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Half a Billion Yuan Flows into a Chinese Shared Powerbank Project, SoftBank Leads
Half a Billion Yuan Flows into a Chinese Shared Powerbank Project, SoftBank Leads
Shared powerbanks are omnipresent in Chinese metropolises with effective and affordable pricing models. Image: Taken from Energy Monster marketing materiel.

Neither SoftBank nor China's flourishing sharing economy startups have good track records in delivering what they've promised in the way of shared durable goods concepts. Yet, since its inception in 2017, Energy Monster (怪兽充电) has fared well.

Operating with a ‘take-away’ powerbank system, Energy Monster lured venture capitalists, attracting CNY 500 million in its Series C funding round. Numerous investors, including SoftBank Ventures Asia and Hillhouse Capital, became bettors in the battery sharing business after becoming convinced by Energy Monster.

Most startups die, simply because they pour resources into solving problems that are not, in fact, the main problems for the market they address. For shared powerbank startups, the true challenge typically lies beyond the basic idea, in areas of execution and scale — as the technical barriers are low and the idea is simple, the competition is unsurprisingly harsh. We can see the battery startups gearing up for a future scenario where the winner will have taken all.

In the second half of 2019, the lucrative market was dominated by Jiedian (街电) with 40.5% market share, followed by Xiaodian (小电) and Energy Monster with 23.6% and 20.9% respectively, iiMedia reported. There were around 300 million people in China who have used these services, the same consultancy group estimated.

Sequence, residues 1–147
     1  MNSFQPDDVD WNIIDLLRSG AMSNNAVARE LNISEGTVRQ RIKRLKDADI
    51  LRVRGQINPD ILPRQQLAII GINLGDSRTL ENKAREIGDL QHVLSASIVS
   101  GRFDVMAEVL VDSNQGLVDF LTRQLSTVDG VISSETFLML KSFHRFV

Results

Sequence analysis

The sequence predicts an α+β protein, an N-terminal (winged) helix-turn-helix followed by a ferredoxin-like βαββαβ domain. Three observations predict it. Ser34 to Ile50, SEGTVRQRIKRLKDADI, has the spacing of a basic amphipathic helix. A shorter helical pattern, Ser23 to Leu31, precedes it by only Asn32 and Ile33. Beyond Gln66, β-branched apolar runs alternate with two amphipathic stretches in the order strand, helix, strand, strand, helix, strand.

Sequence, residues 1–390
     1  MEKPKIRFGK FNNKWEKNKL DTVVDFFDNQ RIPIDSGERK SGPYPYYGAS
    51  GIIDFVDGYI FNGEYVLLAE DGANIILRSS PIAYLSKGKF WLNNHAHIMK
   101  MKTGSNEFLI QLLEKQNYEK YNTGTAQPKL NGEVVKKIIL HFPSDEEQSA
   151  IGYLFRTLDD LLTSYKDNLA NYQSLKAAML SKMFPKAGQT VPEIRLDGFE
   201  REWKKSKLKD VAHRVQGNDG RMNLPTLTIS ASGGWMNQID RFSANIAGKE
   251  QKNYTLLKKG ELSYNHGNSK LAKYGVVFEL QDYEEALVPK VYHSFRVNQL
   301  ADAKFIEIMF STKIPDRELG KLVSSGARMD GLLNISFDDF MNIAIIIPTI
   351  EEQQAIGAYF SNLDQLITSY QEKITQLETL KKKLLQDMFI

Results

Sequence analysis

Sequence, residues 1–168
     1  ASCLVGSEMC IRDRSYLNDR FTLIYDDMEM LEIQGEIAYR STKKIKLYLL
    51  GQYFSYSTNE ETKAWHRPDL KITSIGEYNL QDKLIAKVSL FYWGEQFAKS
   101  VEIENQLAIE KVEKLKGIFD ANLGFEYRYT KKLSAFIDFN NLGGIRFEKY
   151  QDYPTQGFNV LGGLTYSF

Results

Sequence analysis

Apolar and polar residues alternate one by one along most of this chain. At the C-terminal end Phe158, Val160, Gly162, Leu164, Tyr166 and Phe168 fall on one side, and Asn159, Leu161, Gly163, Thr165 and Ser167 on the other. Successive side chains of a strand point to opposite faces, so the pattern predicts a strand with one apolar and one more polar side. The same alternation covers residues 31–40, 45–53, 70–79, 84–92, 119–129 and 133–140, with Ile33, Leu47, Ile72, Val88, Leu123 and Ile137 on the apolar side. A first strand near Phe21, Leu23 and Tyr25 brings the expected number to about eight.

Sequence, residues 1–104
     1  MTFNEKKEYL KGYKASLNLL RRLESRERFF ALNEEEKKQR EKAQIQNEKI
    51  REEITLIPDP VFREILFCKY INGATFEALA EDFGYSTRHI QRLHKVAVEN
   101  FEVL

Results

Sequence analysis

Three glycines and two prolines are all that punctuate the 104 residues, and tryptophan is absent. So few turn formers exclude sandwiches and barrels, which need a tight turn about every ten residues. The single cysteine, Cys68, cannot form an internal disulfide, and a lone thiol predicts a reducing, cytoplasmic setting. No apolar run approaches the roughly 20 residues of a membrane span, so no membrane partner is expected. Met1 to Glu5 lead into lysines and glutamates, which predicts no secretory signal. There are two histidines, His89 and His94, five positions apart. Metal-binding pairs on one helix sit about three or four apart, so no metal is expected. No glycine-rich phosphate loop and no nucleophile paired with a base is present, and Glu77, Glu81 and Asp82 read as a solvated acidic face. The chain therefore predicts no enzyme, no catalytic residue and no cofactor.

For them, the pain-point is not convincing the end-users to use the service, but to convince small- and medium-sized businesses to deploy the shared powerbanks, as incentives for businesses are limited —the payments involved are so small that firms are indifferent to the machines. The three market leaders mentioned are therefore boasting about their big franchised clients, including McDonald's, Burger King, and KFC. Meituan's foray into the shared powerbank business can be understood from this perspective. 

For the end-users, the price ranges between 0.5 to 1 CNY per hour with around CNY 100 readily-refundable deposits, depending on the specific brand, restaurant, and even mobile payment method. Considering the possible implementation of China-specific sophisticated personal credit systems, the pricing might get even complicated soon. The cost side, the most critical aspect, has remained an enigma so far for analysts to evaluate the business further.

Jiedian, the most significant player, has announced that it generated CNY 800 million and achieved operating income of around CNY 38 million in 2019 Sina Finance said. The data is merely firm's claim.

China is particularly feasible for the successful scalability of a shared powerbank business thanks to well-penetrated mobile micropayment systems and its scale. Therefore no North America or Europe originated firm could challenge the penetration rate of the Chinese companies so far. Yet a New York-based company RedShare and India-originated ChargeIn have tried to follow the same path as their Chinese peers, and have not yet failed so far. RedShare has been charging its users with USD 1 for per hour usage. 

These batteries are relatively inelastic in price; unsurprising, perhaps, if we consider how vital it is for users to charge their phones, particularly in China. We can expect gradual price adjustments and for profitability to increase in the coming period.

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